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Thursday, September 22, 2016

Postcard Thursday: The Fire of 1776

courtesy of the Colonial Williamsburg Museum

This past week marked the anniversary of the Great Fire of 1776, which broke out sometime after midnight September 20-21.

As we write in Inside the Apple:
The fire started on the evening of September 21, 1776—perhaps in the Fighting Cocks Tavern on the wharf, though that has never been substantiated—and quickly engulfed the city west of Broadway. The churchyard surrounding Trinity Church kept the fire from heading south, but neither Trinity was spared, nor anything between it and St. Paul’s Chapel. St. Paul’s, itself only ten years old, had a bucket brigade manning its roof and was saved. In all, over 400 buildings were gone—nearly twenty-five percent of the city’s structures. 
The British immediately blamed the Americans. (One American blamed by the British was Nathan Hale, who was arrested for spying that same day. Hale, however, had nothing to do with the fire.) General Howe called it a “horrid attempt” by a “number of wretches to burn the town….” As most of the damage happened on “Holy Ground” and other Trinity Church property, some saw it as an explicit attack on the Church of England’s power and influence. In truth, the Americans had contemplated the idea of torching the city if it fell into British hands. One of Washington’s generals, Nathaniel Greene (the “Fighting Quaker”), had pressed Washington in that direction. However, when Washington floated the idea by John Hancock, the Continental Congress immediately nixed it and it is unlikely that either Washington or Greene disobeyed Congress.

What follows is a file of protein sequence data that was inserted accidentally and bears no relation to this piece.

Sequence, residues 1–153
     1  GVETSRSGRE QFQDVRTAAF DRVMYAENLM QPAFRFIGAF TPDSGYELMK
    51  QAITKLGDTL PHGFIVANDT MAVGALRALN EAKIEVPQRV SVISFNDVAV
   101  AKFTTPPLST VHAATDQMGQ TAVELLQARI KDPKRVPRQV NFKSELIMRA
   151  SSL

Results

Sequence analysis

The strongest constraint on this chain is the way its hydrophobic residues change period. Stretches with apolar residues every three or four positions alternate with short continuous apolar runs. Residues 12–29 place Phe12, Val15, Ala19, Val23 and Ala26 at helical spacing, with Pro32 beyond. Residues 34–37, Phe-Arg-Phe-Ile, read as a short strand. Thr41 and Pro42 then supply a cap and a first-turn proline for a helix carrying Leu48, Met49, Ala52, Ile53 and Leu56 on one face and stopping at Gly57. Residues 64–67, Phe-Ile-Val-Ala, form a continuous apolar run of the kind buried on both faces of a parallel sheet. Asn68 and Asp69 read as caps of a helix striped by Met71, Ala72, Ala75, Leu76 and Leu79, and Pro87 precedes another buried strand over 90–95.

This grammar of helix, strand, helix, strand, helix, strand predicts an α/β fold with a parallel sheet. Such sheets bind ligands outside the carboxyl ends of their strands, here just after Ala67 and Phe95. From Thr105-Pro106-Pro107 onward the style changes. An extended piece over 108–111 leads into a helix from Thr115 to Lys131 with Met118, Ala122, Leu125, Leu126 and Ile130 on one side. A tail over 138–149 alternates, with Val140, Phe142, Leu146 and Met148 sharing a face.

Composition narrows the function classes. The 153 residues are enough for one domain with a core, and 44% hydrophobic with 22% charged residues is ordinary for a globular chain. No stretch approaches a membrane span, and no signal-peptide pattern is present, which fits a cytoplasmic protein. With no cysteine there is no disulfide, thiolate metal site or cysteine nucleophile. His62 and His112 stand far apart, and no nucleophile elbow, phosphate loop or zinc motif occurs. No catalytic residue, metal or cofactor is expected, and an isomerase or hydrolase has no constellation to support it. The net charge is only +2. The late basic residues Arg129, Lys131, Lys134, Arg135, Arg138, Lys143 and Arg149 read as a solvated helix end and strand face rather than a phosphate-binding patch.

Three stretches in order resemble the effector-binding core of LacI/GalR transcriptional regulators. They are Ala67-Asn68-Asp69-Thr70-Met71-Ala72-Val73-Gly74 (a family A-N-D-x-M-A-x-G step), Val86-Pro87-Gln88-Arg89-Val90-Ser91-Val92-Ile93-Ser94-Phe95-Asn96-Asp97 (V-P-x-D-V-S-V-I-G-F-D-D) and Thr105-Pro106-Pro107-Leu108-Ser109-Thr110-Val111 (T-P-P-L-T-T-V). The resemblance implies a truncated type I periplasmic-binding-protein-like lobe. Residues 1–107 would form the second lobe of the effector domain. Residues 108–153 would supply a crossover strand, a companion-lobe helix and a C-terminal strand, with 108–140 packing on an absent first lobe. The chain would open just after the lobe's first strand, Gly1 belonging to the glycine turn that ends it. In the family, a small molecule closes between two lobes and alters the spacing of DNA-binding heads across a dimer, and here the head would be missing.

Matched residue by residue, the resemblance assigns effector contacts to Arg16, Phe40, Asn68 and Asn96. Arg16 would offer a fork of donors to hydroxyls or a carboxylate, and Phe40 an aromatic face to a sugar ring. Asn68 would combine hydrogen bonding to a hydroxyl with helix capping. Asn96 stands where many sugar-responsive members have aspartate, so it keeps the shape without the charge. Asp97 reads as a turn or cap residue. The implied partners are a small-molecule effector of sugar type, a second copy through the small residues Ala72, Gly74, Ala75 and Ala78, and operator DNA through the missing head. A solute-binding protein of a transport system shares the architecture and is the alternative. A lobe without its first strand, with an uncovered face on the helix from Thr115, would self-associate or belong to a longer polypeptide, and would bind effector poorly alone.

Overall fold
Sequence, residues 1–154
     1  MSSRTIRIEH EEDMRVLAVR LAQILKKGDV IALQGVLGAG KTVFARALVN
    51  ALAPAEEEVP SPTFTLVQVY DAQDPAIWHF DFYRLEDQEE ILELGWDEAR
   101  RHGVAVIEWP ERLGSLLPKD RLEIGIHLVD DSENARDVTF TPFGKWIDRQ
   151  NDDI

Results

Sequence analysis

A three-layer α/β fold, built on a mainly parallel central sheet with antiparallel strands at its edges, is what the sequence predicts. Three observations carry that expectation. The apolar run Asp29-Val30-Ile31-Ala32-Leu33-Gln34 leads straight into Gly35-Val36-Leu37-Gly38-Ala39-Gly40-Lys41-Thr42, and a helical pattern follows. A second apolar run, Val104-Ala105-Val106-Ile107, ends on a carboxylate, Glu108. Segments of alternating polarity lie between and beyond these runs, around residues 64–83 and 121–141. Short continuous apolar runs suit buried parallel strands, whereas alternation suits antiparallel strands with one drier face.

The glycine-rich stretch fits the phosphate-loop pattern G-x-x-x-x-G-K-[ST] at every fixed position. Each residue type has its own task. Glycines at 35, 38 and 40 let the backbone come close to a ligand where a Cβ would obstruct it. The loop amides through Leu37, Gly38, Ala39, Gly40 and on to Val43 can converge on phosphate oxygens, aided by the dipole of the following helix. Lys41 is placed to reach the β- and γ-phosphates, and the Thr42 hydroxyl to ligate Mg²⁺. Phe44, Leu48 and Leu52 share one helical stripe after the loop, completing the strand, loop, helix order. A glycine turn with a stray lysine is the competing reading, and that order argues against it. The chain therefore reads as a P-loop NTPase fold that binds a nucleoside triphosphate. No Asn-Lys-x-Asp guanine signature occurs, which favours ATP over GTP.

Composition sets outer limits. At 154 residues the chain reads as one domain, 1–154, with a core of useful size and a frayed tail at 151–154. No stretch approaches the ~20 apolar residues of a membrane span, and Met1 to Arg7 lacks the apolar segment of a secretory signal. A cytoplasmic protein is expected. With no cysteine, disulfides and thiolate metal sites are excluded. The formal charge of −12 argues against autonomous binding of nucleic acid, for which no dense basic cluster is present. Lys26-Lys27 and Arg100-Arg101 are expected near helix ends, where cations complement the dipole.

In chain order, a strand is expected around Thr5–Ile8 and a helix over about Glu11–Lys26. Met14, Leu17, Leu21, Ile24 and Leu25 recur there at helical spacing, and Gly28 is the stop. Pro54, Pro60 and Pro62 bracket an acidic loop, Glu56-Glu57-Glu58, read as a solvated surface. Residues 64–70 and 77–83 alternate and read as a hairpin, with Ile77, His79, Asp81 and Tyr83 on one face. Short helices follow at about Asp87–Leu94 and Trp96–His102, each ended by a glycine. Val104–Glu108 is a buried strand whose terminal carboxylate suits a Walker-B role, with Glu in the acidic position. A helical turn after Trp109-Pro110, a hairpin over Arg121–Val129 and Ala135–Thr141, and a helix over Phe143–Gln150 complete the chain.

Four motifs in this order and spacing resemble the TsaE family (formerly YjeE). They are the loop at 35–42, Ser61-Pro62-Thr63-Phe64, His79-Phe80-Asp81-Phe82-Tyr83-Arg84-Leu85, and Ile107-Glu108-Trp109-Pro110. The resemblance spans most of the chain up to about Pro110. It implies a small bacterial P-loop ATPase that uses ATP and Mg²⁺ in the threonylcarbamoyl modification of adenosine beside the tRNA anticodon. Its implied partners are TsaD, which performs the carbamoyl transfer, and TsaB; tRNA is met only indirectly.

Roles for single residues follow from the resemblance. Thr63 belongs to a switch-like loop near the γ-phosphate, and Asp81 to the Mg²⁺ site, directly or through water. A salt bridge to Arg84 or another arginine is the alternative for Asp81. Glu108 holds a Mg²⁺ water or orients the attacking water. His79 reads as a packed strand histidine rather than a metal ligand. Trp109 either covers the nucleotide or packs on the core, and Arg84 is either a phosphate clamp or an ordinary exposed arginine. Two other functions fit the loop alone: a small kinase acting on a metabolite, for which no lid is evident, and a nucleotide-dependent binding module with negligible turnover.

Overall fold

The image displayed here, Représentation du feu terrible à Nouvelle Yorck, ca. 1776, is in the collection of the Colonial Williamsburg Museum, and is actually what's called a "cut-out optique view." The print, which was engraved by Francois Xavier Habermann in Germany and is attributed to French artist André Basset, was designed to be displayed in front of a candle.

As the museum's text panel explains, "windows, door, and the flames have been cut out using a knife and decorative punches. The colored paper pasted to the back of the print was thin enough to allow light to pass through the holes. The flicker of the a candle made the blaze come to life for the viewer."

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Our next public walking is Sunday, October 9, at 10:00 a.m. Join us as we explore Central Park and its many representations of Christopher Columbus. Click the link for details:

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